Setting a measurable goal can help you regularly evaluate your progress and determine the time and resources you require to complete it. In addition, when you set goals within your control, you can easily accomplish them and increase your motivation. Choose goals that align with your long- and short-term career plans.

2. Receive feedback and improve

When you have high achievement motivation, you value feedback from your manager and colleagues. You can use their suggestions to review your work and challenge yourself to do better. You could discuss this with your manager and set up a periodic feedback system, either weekly or bi-weekly. You might also request performance reviews to assess your overall performance at work and receive insights on how you can improve.

During these meetings, you can ask your manager for new challenges to motivate you. You may also inform them of your motivations and explain why you want to take on more tasks. If you impress your manager, they may create a more comfortable work environment to help you achieve your goals.

3. Find new projects

You can always find new tasks and responsibilities at work if you don't currently have a task that challenges you. Before taking on these challenges, list the skills and experience you want to gain from the new task and ensure they're measurable. Then you can set key performance indicators and metrics to judge your performance. Next, you can find a new project within your team or department. Depending on your goals, you can also look for a task outside your department.

4. Begin your day, week, and month with a plan

Planning can help you motivate yourself to achieve your short- and long-term goals. You can start by creating a physical or online journal where you write your plans. Then, begin each morning by writing all you want to achieve that day. While you have specific daily objectives, you can include them in plans for your weekly or monthly goals. Detailing your objectives at the beginning of each day can help you prioritize your tasks and determine how much time to spend on them.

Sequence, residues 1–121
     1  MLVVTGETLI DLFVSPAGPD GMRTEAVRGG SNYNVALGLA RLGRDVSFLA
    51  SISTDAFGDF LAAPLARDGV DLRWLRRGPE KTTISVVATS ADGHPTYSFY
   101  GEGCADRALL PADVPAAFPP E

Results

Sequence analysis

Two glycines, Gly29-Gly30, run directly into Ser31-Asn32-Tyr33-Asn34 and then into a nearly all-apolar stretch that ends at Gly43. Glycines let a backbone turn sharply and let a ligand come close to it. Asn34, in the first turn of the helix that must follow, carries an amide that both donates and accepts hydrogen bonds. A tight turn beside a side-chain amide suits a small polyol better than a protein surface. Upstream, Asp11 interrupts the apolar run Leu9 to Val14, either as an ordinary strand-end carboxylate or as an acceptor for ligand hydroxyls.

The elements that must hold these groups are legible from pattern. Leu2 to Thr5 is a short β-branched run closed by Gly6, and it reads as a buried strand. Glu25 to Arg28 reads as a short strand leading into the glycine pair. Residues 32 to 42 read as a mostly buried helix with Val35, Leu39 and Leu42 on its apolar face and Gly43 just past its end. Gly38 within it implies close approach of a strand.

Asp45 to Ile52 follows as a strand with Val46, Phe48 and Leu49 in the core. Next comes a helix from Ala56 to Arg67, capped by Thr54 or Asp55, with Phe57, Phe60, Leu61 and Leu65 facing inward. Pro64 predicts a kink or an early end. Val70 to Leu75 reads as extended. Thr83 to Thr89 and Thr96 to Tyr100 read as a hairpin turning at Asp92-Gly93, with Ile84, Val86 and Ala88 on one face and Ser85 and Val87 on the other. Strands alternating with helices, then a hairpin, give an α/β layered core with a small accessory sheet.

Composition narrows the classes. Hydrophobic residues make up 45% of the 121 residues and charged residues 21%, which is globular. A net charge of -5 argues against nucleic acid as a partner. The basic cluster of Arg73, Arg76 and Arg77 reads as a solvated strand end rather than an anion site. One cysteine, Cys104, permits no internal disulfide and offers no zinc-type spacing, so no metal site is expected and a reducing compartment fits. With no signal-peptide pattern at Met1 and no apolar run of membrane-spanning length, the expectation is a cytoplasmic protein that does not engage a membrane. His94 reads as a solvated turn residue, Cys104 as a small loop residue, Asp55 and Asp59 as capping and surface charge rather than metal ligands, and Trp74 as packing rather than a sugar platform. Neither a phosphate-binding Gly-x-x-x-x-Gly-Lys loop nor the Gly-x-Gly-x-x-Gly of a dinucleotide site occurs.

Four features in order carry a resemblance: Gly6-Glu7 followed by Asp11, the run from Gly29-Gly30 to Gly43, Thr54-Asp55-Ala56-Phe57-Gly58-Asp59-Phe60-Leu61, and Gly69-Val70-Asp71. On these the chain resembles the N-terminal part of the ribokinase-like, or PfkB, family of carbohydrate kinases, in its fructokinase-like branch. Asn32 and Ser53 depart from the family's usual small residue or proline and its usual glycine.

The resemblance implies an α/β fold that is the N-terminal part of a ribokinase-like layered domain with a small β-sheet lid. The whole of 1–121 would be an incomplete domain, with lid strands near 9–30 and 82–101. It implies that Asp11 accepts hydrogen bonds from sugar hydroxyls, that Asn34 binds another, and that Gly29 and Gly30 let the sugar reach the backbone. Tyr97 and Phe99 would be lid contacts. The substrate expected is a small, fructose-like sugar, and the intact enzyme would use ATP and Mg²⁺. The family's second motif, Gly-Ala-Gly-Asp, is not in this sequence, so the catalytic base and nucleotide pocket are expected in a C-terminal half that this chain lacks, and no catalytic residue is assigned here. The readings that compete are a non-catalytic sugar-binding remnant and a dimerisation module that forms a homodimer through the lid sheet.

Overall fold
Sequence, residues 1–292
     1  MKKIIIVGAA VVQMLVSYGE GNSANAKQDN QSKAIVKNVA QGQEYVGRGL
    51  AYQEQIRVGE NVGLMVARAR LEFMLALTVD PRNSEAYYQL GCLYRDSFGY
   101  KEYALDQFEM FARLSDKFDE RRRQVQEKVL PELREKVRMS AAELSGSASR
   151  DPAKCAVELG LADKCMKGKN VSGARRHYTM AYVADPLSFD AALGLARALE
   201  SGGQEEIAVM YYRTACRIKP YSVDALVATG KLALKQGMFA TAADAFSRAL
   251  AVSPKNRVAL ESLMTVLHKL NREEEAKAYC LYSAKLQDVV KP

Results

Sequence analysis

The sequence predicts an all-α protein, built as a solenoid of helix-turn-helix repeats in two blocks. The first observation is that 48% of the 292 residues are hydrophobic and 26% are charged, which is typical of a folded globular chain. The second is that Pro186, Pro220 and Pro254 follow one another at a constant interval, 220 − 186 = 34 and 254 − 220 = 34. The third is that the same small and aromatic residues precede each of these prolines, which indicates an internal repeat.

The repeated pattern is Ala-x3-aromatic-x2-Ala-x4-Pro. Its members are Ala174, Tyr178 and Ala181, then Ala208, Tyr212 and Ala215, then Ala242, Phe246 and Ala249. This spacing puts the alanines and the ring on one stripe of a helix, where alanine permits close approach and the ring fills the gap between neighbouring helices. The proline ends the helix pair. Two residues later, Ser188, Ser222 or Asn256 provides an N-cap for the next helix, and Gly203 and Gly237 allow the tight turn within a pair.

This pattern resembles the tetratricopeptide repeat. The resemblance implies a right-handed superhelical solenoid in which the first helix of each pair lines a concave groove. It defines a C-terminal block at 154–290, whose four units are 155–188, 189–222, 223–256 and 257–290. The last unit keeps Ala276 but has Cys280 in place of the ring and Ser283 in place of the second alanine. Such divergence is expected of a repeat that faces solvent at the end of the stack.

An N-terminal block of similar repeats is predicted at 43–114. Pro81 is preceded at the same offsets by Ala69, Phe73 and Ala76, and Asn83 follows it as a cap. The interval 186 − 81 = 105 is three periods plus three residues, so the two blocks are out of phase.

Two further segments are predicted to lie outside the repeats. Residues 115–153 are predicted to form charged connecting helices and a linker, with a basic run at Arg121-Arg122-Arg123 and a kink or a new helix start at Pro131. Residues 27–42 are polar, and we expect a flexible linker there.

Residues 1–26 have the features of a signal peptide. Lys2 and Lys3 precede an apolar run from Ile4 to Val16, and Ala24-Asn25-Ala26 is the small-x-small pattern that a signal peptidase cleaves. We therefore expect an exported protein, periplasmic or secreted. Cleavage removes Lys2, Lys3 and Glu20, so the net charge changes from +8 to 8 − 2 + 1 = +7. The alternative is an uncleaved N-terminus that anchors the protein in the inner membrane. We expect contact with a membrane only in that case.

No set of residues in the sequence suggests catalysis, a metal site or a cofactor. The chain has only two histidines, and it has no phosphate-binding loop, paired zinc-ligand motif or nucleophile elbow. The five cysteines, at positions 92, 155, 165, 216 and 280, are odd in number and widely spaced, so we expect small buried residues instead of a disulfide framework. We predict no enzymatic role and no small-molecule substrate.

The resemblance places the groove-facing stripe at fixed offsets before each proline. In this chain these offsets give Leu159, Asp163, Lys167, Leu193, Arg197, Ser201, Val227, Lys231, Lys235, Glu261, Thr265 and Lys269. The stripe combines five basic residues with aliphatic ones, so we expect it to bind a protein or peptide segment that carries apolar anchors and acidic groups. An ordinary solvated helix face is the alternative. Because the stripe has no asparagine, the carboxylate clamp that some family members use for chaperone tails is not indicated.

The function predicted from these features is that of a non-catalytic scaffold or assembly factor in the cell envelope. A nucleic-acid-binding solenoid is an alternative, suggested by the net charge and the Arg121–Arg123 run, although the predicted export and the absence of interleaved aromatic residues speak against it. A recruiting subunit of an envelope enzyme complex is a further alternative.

Likewise, you can begin the first day of the week by planning your goals for the week and month. Before writing down your plans, evaluate your previous goals to determine if you achieved them. This evaluation can allow you to identify how you can optimize them. You may also identify items on your list that you achieved the previous year and add any unfinished plans to your new list. Planning each day properly usually increases the chances of achieving your goals and improves your sense of accomplishment.

An example of applying achievement motivation at work

If you're a customer care representative at a communication company, you often have specific tasks to complete daily. You may set a personal goal to complete 30 calls in a day. Completing a call and attending to a customer query can make you feel energized and motivated. Your supervisor may also offer feedback that you can use to improve your work.

After that, you could consider the feedback while increasing your daily goal to 35 calls. Your reward is the completion of the calls and the customers' satisfaction. In addition, your manager may offer you a new task in a different department that you might decline if you think you may perform less impressively. Instead of taking the task, you could ask to remain in your current position.